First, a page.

Tuesday was the second day of the 47-Nation Nuclear Summit in Washington, D.C. President Obama called this summit in an effort to get cooperation amongst nations in order to increase security of nuclear weapons and the components necessary to build them. The threat of terrorists potentially gaining access to some of these things has become more imminent, and thus the president has called for action.
Reinforcing this predicament, President Obama stated in his speech on this day, as posted at the Council on Foreign Relations, that although the threat of nuclear war between nations has gone down, the threat of nuclear attack has gone up. This, he says, comes with dozens of countries having nuclear materials that could be sold to or stolen by terrorist networks such as Al Qaeda, and with numerous already-intercepted attempts by these networks to acquire such things. The goal of this summit is to get all nations to agree to taking concrete action to secure all nuclear weapons and components within four years.
This in mind, Tuesday has brought some substantial progress in gaining commitments from several countries. CNN reports that Russia and the U.S. have agreed to dispose of “at least 34 tons of weapons-grade plutonium,” also stating that this agreement prevents any military use of the plutonium. Russia also confirmed plans for closing a plutonium production reactor in Siberia. This is seen as an important step.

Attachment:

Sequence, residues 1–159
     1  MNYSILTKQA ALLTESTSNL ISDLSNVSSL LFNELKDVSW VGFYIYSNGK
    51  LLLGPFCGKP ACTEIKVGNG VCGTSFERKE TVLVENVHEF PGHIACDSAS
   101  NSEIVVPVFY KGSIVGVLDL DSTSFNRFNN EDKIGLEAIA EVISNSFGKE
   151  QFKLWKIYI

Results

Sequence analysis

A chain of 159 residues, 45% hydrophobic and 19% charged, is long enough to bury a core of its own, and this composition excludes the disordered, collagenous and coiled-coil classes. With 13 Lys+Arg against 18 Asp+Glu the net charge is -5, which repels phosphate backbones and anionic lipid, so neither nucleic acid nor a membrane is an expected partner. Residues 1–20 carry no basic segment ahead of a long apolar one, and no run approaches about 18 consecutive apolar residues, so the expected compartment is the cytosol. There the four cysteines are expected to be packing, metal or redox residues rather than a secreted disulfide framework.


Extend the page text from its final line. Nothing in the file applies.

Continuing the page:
Other countries announcing tangible goals and/or signing agreements towards tangible goals included Ukraine, Canada, and Mexico. South Korea has agreed to host the next summit in two years.
Still, there are those who say this is rather redundant, only rehashing the things that are long past due. The New York Times notes that the original agreement with Russia was signed 10 years ago with President Bill Clinton and has basically sat dormant since then. It also states that the closing of a Russian plutonium reactor has just taken place in the past week, though this is as yet unclear.
The realm of things to come is still a bit uncertain. China wishes to remain a bit too noncommittal to suit the U.S., Iran is still largely a concern, and other countries have still shown some resistance to being governed. However, there is still an air of necessity surrounding these issues.
It seems, once again, that the general consensus overall is that terrorism needs to be addressed globally, and that the time has come to do something… before it’s too late for something to be done. Therefore, it seems that it will. Still, there will likely be little that could meet a four-year deadline to accomplish in its entirety. It is a proactive step, and still better than being reactive.